The year is 1910, and Henry Ford’s Model T is rolling off the assembly line. It soon will join some 8,000 other automobiles currently in the U.S., motoring along at a brisk pace of 10 mph along 144 miles of paved roads – and “gassing up” at the local druggist.

Fast forward 101 years, and today’s innovation is no less thought-provoking. Along with cars run on electric power in an effort to save resources and the environment, consumer products fueled by market research are hitting the streets in record pace. This year alone will see such creations as microwave popcorn that opens into a self-contained serving bowl, a “super cleaning” skin cleansing system that scrubs away dead skin and dirt, and a new, hyper-foam toothpaste that cleans teeth amid a shampoo-like foam.

Then as now, research-driven innovation drives the U.S. marketplace. After a year or recession-fueled stagnation, new product introductions in the U.S. hit 40,820 in 2010, up over 2,000 from 38,738 the year prior, notes research firm Mintel.

The trend points to “a ramp-up in risk taking,” Tom Vierhile, director of product launch analytics at researcher Datamonitor, told USAToday.

But what drives innovation? Simplicity, utility and expediency – sustained over time. Innovation is not a one-time “Eureka!” moment, but is entrenched in a company’s culture.

For example, Mr. Ford’s vision lives to this day; Ford was the one U.S. automaker that declined government bail-out money. Today, instead of focusing on repayment, the company is creating cars infused with amenities customers want – like iPod ports, voice-driven commands and innovative styling, all while keeping price and value in mind.

Whether Henry Ford or his progeny generations later, innovation has delivered on several key mandates. It…

… goes against conventional thinking. To create his assembly line, Henry Ford looked beyond traditional handcrafting assembly methods to a manufacturing process where “interchangeable parts were added a product in a sequential manner using optimally planned logistics to create a finished product much faster,” Wikipedia says. His work even led to dramatic social ramifications borne of mass production – ranging from higher wages for his workers to affordability of his vehicles.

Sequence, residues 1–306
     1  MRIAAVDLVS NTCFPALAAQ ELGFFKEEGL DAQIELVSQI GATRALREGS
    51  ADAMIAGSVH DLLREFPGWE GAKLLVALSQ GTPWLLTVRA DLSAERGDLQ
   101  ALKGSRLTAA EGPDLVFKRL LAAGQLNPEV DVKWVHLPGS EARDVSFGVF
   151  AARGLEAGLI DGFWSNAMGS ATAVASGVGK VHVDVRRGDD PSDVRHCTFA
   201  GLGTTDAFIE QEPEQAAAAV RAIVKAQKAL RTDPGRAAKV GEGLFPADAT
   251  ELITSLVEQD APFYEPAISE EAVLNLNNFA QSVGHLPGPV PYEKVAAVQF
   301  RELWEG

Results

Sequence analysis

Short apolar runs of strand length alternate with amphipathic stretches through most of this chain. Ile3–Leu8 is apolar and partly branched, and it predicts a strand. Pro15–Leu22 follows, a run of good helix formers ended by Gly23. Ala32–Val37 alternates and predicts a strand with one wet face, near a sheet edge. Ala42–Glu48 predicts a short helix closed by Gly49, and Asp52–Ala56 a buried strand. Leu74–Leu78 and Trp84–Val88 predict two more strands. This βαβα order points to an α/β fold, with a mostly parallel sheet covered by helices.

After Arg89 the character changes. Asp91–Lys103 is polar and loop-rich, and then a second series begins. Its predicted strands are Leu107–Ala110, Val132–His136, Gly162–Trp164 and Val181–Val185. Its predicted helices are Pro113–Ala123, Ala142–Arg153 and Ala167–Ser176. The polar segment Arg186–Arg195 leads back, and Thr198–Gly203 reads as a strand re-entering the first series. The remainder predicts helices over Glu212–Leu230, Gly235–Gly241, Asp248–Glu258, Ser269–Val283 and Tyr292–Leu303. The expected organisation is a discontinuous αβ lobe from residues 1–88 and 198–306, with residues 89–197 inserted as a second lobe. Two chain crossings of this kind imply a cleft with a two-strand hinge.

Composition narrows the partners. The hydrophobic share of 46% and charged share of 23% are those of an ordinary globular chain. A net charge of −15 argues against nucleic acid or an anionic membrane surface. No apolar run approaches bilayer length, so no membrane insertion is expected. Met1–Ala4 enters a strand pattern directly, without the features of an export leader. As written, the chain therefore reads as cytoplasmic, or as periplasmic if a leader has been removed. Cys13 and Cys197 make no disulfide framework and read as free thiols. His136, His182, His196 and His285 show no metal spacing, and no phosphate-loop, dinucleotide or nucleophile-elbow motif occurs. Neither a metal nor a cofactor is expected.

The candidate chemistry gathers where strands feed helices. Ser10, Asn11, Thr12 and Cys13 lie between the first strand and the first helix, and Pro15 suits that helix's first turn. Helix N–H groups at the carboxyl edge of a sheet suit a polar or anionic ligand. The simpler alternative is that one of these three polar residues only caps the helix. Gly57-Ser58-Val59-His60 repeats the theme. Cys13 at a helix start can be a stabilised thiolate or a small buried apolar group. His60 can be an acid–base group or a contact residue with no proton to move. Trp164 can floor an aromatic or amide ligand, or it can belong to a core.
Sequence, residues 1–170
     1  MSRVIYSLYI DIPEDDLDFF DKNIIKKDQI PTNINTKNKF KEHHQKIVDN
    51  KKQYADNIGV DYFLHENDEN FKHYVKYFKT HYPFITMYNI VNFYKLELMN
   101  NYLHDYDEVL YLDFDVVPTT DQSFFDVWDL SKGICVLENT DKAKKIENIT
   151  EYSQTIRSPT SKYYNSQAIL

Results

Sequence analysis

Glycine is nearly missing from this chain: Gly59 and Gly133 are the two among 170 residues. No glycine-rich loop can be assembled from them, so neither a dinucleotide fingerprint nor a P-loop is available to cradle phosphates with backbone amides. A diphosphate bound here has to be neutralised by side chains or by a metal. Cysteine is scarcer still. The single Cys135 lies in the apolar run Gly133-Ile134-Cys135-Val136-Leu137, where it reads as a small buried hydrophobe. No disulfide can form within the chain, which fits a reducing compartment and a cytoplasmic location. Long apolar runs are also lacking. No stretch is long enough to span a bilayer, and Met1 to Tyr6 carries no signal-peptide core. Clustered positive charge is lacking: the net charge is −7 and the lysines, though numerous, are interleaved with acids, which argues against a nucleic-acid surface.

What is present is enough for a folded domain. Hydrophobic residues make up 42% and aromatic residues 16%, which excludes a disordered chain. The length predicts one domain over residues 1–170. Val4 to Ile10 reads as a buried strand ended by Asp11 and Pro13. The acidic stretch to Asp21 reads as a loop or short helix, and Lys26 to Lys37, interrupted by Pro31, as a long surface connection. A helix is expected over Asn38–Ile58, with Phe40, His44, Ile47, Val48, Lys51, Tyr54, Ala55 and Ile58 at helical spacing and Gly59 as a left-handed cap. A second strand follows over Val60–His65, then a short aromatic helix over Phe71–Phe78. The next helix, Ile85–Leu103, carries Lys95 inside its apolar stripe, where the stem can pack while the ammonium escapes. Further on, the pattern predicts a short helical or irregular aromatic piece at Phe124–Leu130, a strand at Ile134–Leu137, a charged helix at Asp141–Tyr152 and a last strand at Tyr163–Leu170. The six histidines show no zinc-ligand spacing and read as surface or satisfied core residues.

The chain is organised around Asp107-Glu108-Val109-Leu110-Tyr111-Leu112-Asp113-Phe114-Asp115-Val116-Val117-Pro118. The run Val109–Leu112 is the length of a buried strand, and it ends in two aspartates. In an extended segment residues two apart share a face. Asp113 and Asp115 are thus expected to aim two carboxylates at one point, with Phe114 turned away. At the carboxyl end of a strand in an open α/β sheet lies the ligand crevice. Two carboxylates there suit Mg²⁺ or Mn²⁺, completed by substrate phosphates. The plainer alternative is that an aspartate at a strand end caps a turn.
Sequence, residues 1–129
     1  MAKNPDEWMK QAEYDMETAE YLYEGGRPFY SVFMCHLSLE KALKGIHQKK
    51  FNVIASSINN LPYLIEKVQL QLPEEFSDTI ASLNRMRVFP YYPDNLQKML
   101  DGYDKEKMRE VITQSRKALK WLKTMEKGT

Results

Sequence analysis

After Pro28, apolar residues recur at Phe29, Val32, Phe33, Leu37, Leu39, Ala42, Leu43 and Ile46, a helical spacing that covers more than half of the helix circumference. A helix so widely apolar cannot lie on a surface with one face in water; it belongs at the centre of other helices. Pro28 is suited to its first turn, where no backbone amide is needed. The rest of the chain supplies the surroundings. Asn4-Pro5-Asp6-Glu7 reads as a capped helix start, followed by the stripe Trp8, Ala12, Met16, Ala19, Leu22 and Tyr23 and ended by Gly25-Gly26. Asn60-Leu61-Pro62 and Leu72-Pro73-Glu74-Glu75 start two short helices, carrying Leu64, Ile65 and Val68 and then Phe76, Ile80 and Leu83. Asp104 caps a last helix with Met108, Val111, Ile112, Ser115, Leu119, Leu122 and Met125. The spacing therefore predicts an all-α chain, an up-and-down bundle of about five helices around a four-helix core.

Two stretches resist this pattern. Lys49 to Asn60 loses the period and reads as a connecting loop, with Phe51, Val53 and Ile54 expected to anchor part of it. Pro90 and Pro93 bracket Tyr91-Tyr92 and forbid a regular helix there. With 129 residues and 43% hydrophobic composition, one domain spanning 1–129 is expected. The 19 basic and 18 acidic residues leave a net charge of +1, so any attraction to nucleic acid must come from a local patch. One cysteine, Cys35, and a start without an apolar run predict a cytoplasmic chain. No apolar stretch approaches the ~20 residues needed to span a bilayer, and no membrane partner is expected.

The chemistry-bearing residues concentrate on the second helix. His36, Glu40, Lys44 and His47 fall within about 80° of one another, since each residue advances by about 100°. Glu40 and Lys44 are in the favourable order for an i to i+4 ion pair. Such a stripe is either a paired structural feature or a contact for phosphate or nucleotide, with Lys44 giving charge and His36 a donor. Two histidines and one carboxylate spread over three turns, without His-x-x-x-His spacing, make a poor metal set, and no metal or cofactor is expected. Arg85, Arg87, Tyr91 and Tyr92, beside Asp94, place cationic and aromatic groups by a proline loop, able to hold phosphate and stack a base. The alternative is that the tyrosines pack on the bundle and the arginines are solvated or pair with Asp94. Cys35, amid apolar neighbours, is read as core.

… is borne from really listening to the customer. Customers were clamoring for vehicles, yet prices were too high. Mass production lowered costs

… incorporate key innovation points, like creating and sustaining innovation, fostering a healthy new product development process, and creating value amid a culture of observation, measurement and accountability.

As the economy gains momentum toward recovery – like a Ford Model T rolling off the assembly line – Chief Innovation Officers and new product development managers alike will be challenged to ensure innovation remains part of the company’s culture and product line.

By Robert Brands

Robert Brands is the founder of, and the author of “Robert’s Rules of Innovation“: A 10-Step Program for Corporate Survival, with Martin Kleinman and which will be published in April 2010 by Wiley (